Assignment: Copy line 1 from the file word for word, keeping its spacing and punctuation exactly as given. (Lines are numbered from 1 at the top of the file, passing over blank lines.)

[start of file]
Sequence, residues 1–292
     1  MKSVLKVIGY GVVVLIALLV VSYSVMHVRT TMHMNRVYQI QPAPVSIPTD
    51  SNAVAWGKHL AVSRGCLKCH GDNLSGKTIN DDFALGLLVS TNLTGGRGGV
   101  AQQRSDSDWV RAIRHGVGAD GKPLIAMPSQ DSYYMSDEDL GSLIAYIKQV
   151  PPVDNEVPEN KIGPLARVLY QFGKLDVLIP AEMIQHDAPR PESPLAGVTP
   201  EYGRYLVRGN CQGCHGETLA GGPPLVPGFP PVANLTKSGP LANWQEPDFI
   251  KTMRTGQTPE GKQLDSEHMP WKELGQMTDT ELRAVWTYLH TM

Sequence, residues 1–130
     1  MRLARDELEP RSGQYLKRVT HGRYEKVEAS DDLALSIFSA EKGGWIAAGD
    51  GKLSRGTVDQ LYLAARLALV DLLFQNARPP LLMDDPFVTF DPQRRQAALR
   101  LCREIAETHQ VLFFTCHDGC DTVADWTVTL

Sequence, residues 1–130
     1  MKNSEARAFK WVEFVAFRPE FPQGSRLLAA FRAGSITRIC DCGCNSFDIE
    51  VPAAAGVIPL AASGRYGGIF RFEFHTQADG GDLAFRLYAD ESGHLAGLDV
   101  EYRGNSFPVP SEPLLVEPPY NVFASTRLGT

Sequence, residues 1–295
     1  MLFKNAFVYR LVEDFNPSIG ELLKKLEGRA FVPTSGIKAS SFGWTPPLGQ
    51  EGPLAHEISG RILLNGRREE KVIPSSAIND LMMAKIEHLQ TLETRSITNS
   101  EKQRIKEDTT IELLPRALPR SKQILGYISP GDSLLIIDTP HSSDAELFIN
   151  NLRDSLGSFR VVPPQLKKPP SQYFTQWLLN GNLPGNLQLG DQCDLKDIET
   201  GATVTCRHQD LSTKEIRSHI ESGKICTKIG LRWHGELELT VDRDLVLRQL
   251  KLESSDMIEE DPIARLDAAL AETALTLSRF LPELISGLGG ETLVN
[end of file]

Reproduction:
Sequence, residues 1–292